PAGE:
By Alex Taylor III
October 2, 2012

Handicapping the Car of the Year awards

It isn’t quite like being an Oscar nominee, but the North American Car and Truck of the Year organization has announced the finalists for its car and truck of the year awards. The eventual winners will be voted from those lists and their identity will be revealed at the Detroit auto show in January.

Endorsements by third parties like the journalists on the NACTOY panel are increasingly important in the car business, and the awards, now in their 20th year, have been growing in visibility. (Full disclosure: I am one of the 50 jurors). So it is not too soon to start handicapping the contest to see who the early favorites are.

Jurors are asked to drive and evaluate cars for factors like innovation, handling, performance, safety, and value for dollar. And like the members of the motion picture Academy, they are subject to their own predilections and interests. Critics have decried a hometown tilt by jurors, many of whom are based in Detroit. Executives at Toyota are still angry that the revolutionary hybrid Prius was passed over in 2001 for the cute but inconsequential Plymouth PT Cruiser for Car of the Year. (The snub was partly corrected when the next-generation Prius won the award in 2004).

In recent years, Car of the Year voting has shifted to a more international outlook (Volkswagen and Range Rover were winners in 2012), but it still favors the domestics. Detroit has won 10 awards, Asian automakers but four. Toyota’s Camry, perennially the best-selling car in the U.S., has never won and has been a finalist only once.

This year, the short list is balanced — five American cars, five Japanese, one European — but the betting here is that hometown pride will once again be the deciding factor in who wins North American Car of the Year.


Cadillac ATS

For years, General Motors has been trying, and failing, to build a car that could compete with BMW’s 3-series. The ATS is this year’s fighter and has been scoring very well in road tests. Unlike other automakers, GM tends to get judged against itself — how much better a new model is vs. the one it replaces — rather than the competition. With all that in mind, the ATS is clearly “the best Cadillac ever.”

Odds of winning: 3-1


Ford Fusion

The sophisticated design of the Fusion has made it a popular favorite since it was uncovered at the Detroit auto show last January. Ford CEO Alan Mulally is now a Motown legend, and the Fusion is considered the pinnacle of his One Ford strategy. All the reviews aren’t in yet, but picking Fusion would be seen as a valedictory for Mulally’s tenure at Ford.

Odds of winning: 3-1


Subaru BRZ/Scion FR-S

Enthusiasts at heart, Car of the Year jurors like to flaunt their inner boy racer by giving a boost to sports cars. The Chevrolet Corvette was a winner in 1998, and both the Pontiac Solstice and Nissan 350Z were voted finalists in the past. The Subaru and the Scion have received glowing reviews, but since they were jointly developed and are essentially the same car under the skin, they will likely split the vote.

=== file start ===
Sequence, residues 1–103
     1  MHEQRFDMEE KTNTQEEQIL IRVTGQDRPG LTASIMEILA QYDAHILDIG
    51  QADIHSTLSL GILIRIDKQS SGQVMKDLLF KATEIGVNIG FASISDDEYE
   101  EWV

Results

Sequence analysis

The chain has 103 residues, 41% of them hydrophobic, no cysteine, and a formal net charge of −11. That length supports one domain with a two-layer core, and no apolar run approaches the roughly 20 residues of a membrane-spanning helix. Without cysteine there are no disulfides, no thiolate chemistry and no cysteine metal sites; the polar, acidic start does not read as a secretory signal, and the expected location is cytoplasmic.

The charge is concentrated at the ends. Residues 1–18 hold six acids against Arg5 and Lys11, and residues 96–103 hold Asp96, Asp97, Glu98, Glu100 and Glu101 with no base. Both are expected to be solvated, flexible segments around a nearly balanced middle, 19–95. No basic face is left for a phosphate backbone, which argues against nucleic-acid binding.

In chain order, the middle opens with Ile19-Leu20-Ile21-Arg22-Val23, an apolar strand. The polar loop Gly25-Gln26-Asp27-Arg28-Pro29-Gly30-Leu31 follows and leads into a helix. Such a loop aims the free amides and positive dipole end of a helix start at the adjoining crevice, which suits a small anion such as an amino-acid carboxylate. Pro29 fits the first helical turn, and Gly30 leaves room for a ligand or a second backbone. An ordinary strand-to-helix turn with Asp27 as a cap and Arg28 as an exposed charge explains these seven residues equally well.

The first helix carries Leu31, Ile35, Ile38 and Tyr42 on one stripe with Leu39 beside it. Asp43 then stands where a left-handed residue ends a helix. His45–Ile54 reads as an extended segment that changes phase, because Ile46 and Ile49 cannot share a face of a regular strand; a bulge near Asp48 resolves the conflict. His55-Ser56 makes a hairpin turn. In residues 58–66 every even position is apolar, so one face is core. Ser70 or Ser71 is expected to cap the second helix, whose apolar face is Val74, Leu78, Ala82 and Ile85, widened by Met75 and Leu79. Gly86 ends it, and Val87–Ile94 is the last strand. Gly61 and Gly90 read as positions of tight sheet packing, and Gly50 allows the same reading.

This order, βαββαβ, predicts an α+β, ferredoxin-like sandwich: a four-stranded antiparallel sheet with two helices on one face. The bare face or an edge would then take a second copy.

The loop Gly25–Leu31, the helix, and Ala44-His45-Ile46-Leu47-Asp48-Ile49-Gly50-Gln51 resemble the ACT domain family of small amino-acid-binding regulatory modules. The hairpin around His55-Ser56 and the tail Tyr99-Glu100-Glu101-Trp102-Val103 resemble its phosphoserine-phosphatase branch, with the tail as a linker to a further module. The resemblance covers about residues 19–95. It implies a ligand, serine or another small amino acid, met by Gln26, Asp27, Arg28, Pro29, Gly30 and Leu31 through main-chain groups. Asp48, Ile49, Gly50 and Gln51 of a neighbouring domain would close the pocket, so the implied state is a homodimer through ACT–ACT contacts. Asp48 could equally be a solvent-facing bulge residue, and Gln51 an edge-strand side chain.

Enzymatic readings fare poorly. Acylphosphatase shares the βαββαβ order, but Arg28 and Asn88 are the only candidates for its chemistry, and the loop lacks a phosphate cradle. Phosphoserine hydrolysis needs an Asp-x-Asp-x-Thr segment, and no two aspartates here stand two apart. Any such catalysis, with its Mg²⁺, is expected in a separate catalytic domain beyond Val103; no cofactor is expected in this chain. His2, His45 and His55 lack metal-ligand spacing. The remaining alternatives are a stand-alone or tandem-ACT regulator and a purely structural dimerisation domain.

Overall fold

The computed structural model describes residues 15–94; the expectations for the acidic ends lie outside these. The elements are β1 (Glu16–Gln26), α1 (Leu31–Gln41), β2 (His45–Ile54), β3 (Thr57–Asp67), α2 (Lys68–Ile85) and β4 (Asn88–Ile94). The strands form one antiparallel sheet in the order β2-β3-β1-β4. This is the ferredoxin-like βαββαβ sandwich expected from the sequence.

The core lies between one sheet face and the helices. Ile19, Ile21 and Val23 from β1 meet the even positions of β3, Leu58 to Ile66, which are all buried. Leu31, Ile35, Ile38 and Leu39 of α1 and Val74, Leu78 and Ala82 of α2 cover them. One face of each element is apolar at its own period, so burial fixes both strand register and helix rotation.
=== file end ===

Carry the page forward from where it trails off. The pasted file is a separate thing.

Odds of winning: 6-1


BMW 3-series

Year after year, BMWs populate more “Best Car” lists than any other manufacturer, and the 3-series is the gold standard of compact sport sedans. But this year’s version has received only faint praise for its lack of breakthrough innovation, and jurors will be looking for other manufacturers to elevate to the pantheon.

Odds of winning: 9-1


Honda Accord

The last few years have been difficult for Honda, and industry observers are watching for signs of a turnaround. The Accord has never made it to the winner’s circle, but jurors do like Hondas. This year’s iteration, however, is more evolutionary than revolutionary, so it may be too soon to return Honda to its former stature.

Odds of winning: 12-1


Nissan Altima

Usually a dark horse in Car of the Year competitions, the Altima was a winner in 2002, and this year Nissan has produced its strongest entry in a decade. If gas prices stay high, Altima’s 37 mpg highway rating could be a deciding factor, but the could also be it failing. The car gets downgraded by hot-shoe jurors who find its fuel-sipping CVT transmission, which contributes to its high gas mileage, too lazy for driving pleasure.

Odds of winning: 12-1


Dodge Dart

A vote for the Dart is a vote for Sergio Marchionne and his ongoing revival of Chrysler, but aside from its Alfa-Romeo heritage, the Dart doesn’t strike many other resonant notes, and its execution has been judged less than outstanding. Chrysler may yet get its day in the sun, but not this year.

Odds of winning: 25-1


Lincoln MKZ

A landmark for Ford’s surviving luxury brand, the MKZ is the first product of Lincoln’s latest renaissance. Its design and underpinning are widely praised, yet voters will be reluctant to add to the MKZ’s accolades without seeing widespread market acceptance — difficult to gauge for this late-in-the-year launch.

Odds of winning: 25-1


Toyota Avalon

Another late-year rollout, the Avalon also suffers under the twin handicaps of being a Toyota, which is unpopular with jurors, and the Avalon name, which is associated with cars for old people. The slick new design may hasten the day when the “Japanese Buick” appeals to a wider audience, but it won’t be this year.

Odds of winning: 50-1


Chevrolet Malibu

The Malibu has been taking its lumps in both the business and enthusiast press, criticized for inadequate fuel economy, a cramped interior, and poor value. Surprisingly, it beat out an Acura, a BMW, a Cadillac, a Lexus, and two electric vehicles for a spot on the short list. Don’t expect to see it go any further.

Odds of winning: None

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